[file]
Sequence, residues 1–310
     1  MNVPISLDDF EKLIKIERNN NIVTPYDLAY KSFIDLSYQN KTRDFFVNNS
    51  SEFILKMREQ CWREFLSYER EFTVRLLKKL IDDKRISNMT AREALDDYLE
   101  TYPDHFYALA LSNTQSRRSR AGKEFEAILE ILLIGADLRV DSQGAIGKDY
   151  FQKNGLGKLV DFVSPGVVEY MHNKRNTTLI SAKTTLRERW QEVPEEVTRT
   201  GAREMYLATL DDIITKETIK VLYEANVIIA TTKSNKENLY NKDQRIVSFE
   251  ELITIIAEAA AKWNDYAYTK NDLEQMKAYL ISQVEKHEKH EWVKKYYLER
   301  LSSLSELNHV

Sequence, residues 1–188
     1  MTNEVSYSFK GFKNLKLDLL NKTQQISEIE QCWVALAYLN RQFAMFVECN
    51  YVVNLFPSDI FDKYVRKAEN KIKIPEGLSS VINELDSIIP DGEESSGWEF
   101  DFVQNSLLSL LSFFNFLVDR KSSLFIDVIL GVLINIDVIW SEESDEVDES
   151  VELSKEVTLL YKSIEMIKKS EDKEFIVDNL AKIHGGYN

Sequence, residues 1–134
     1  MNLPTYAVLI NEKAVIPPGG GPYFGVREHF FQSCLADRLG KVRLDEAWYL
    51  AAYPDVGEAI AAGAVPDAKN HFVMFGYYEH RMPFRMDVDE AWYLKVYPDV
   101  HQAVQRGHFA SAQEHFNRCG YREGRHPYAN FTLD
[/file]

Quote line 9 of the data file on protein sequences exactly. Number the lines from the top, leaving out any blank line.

Sequence, residues 1–188